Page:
MedCo Suspensions: R (on the application of Med Chambers and Prime Medicals) v MedCo Registration Solutions [2017] EWHC 3258 (Admin)

At the High Court, Mr Justice Lavender has handed down judgment in the case of R (on the application of Med Chambers and Prime Medicals) v MedCo Registration Solutions [2017] EWHC 3258 (Admin), where two medical reporting organisations sought relief from suspension from the MedCo portal for failing to adhere to the MedCo User Agreement. [i]

Since the Ministry of Justice ‘qualifying criteria’ was strengthened, in 2016, we have regularly reported on news involving MedCo sanctions. Most recently, we discussed, in edition 187 (here) of BC Disease News, that 23 Medical Reporting Organisations (MROs) and 14 Direct Medical Experts (DMEs) had been suspended. Only a month beforehand (here), we reported on the termination of 134 other User Agreements. Last year, we reported that MedCo were auditing MRO’s to ensure that the ‘minimum qualifying criteria’ were satisfied, so that organisations could remain within the MedCo portal.

The claimants in this case, Med Chambers and Prime Medicals, were audited in February of 2017. In June, MedCo sent out ‘decision letters’, identifying eight breaches of the ‘qualifying criteria’ by each claimant.

Under Clause 10 of the MedCo User Agreement, MRO’s are able to enter into dispute resolution (ADR) with MedCo, in order to resolve any differences, e.g. on ‘qualifying criteria’. The Clause allows, firstly, the opportunity for resolution to be performed by representatives of both parties, which can be ‘escalated’ to senior representatives. If no solution has been reached and 30 days have passed since discussions began, clause 10 permits the referral of any dispute to mediation, which is overseen by the Centre for Effective Dispute Resolution (CEDR)

Legal action cannot be taken until 30 days after the dispute resolution notice has been served. MedCo, by performing a ‘public function’, is ‘amenable to judicial review and ... is a public authority for the purposes of section 6 of the Human Rights Act 1998’. In this instance, applications for judicial reviews (JR) were filed in September 2017, ‘at the very limit of the time period specified by CPR 54.5(1)(b)’.

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The MRO’s were ‘... using the escalation procedure to challenge the decision that they did not meet the qualifying criteria, and using these applications to challenge the suspension decision’.

At the judicial review hearing, in November of last year, the MRO’s disputed that the Clause 10 procedure was an ‘adequate remedy’:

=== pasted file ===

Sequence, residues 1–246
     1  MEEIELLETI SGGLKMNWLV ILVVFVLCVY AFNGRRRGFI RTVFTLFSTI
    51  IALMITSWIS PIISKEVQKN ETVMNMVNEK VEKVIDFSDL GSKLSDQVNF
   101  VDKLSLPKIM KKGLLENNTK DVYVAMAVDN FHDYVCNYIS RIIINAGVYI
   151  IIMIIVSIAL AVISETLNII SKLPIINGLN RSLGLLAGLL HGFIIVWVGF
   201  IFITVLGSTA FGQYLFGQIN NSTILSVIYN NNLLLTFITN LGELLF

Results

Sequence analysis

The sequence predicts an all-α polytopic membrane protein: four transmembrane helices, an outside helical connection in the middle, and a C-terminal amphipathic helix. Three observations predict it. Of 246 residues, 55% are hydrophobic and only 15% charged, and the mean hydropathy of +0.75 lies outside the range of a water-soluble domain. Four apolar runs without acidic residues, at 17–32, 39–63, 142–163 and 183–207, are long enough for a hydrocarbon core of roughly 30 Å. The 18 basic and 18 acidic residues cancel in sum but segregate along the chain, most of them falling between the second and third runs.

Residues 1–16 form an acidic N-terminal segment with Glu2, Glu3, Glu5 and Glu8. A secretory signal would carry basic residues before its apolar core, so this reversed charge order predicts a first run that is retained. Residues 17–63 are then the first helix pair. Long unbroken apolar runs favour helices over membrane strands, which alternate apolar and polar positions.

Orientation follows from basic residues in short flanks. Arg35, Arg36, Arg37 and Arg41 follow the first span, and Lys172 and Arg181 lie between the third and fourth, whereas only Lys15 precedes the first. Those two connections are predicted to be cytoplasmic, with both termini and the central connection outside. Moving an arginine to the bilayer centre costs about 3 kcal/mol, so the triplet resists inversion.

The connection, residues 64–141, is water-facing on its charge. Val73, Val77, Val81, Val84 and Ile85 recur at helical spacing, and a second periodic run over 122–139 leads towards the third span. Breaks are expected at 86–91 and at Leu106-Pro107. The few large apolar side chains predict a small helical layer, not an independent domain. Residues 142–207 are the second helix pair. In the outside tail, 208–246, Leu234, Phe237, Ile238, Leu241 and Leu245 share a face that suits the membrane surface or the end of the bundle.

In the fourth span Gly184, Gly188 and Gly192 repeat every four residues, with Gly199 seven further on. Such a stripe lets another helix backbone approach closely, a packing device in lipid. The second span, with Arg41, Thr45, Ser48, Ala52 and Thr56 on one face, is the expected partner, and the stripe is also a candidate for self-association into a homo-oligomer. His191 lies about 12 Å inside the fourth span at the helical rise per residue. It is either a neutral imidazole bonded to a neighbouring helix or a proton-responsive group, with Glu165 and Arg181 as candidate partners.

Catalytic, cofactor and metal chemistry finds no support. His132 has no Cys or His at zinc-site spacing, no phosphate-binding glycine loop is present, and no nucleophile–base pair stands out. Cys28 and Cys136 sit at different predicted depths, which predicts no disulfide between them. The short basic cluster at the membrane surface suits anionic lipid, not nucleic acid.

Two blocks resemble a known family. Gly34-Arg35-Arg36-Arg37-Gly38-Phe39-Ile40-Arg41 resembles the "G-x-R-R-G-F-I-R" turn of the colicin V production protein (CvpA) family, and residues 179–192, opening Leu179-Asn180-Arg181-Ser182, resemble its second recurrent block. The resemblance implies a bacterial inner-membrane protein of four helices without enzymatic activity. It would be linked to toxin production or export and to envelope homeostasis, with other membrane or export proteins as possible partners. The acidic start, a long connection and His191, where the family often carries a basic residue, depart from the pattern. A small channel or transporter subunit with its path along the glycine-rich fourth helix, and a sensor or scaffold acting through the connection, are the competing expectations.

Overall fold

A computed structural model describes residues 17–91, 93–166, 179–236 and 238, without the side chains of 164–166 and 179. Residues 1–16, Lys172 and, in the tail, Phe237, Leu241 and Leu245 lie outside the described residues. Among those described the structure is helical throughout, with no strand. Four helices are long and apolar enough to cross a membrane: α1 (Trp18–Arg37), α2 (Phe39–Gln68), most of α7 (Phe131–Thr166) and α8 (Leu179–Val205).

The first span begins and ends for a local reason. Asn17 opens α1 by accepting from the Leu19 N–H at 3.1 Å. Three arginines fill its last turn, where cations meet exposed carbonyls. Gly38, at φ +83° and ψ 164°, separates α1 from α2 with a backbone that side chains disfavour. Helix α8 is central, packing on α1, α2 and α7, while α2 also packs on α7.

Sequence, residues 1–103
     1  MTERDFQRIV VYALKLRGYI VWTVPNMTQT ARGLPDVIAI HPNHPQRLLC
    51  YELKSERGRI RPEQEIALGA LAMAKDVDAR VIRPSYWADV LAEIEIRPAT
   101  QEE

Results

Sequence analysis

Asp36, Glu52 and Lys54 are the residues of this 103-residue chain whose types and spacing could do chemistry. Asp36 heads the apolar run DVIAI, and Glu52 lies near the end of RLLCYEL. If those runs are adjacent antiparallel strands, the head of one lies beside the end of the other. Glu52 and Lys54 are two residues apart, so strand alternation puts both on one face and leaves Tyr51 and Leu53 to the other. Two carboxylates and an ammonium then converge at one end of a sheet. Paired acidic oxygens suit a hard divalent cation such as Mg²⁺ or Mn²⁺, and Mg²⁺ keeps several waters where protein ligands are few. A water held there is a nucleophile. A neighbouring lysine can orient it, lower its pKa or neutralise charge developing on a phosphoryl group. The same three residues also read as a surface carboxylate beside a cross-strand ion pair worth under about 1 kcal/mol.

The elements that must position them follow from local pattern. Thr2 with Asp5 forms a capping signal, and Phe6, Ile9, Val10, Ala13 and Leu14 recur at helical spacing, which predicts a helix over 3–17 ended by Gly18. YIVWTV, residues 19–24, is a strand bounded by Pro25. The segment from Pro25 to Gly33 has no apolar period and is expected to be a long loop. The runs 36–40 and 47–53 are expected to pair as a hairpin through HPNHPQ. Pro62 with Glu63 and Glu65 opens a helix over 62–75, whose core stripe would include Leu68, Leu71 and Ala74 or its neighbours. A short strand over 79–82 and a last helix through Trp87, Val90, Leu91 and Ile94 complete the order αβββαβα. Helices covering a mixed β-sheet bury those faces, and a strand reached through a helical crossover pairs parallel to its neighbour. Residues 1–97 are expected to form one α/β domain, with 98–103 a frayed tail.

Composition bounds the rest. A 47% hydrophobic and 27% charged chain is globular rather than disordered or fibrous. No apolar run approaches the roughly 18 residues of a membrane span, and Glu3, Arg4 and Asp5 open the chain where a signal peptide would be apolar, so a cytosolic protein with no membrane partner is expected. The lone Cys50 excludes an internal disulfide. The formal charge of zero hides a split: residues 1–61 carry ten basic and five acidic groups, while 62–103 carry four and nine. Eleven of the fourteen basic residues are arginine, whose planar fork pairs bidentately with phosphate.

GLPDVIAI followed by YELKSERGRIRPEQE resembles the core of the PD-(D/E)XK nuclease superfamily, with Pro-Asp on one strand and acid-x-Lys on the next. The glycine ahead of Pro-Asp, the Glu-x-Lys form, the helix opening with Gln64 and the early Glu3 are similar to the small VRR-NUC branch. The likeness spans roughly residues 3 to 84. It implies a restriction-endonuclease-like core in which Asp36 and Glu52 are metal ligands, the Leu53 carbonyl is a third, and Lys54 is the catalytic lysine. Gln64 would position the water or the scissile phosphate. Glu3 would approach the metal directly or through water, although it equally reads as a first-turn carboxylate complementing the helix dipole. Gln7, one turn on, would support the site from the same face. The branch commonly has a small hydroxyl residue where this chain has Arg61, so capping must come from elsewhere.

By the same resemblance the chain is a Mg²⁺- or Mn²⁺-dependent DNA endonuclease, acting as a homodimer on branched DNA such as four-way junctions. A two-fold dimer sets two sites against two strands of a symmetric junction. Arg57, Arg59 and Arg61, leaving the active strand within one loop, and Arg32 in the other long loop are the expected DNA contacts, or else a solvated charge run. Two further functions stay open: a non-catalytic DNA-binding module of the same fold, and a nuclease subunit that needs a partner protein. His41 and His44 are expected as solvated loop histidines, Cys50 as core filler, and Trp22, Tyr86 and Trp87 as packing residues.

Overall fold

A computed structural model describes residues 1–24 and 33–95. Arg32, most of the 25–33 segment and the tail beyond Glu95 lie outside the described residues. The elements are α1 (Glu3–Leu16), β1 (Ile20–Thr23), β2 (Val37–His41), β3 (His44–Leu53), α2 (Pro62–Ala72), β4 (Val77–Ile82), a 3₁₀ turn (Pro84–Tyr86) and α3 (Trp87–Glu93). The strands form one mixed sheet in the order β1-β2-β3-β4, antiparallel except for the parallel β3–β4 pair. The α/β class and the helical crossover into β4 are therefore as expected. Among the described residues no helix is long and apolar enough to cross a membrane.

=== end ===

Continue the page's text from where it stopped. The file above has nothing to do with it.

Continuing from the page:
• as MedCo had neglected to comply with its duty to consider submissions made within 14 days of the decision letters;
  • as the ‘escalation’ process was ‘far too slow’ in taking up to 90 days; and
  • as the Clause 10 procedure did not ‘provide the claimants with the remedies of interim relief or damages’.

NON-COMPLIANCE WITH CLAUSE 10

In relation to the claimants’ 1st submission, Lavender J said there was no evidence to infer that MedCo would not take its obligations seriously to engage in the ‘escalation’ procedure.

SPEED OF CLAUSE 10

In reaching a determination on the claimants’ 2nd submission, Lavender J reasoned:

It took the claimants 92 days to commence these proceedings. In that context, it cannot be said that a process taking 90 days is too slow’.

CLAUSE 10 REMEDIES

On the 3rd and final argument posed by the claimant, Lavender J deemed that the claimants had ‘misunderstood the nature of the procedure’, by surmising that dispute resolution could not provide adequate relief.

CONCLUSION

Lavender J said the claimants’ approach of pursuing simultaneous ADR and JR was ‘unsatisfactory’:

In some cases it may be necessary and appropriate for a claimant to pursue two different proceedings simultaneously, but it is generally inconvenient and undesirable’.

The judge maintained that the Clause 10 procedure allowed for negotiations which could lead to the lifting of a suspension. Thus, the challenge brought under the Clause 10 ‘escalation’ procedure for failing to meet the ‘qualifying criteria’ were not at issue in judicial review proceedings. In delaying seeking any relief in respect of the suspension, the judge admitted that ‘by September 2017 the Claimants were in a position to reapply for admission to the Portal, thereby bypassing the suspension decision if they could show that they met the qualifying criteria’.

Held, at paragraph 39:

All in all, I do not consider that the arguments advanced by the claimants demonstrate that the escalation procedure was not a suitable alternative remedy in the present case. On that basis, I refuse permission to apply for judicial review’.

He went on to say, at paragraph 41:

... if I were wrong on the issue of alternative remedy, I would have dismissed the applications for permission to apply for judicial review on the basis that they were not brought promptly’.

The judge distinguished this decision from a similar case, involving an MRO which challenged its suspension and reached a settlement. The difference in that case, was that the MRO had taken positive steps post-audit to ensure compliance with the ‘latest qualifying criteria’.

 

 

[i] Nick Hilborne, ‘High Court refuses to lift suspensions imposed by MedCo on MROs’ (10 January 2018 Litigation Futures) https://www.litigationfutures.com/news/high-court-refuses-lift-suspensions-imposed-medco-mros> accessed 11 January 2018.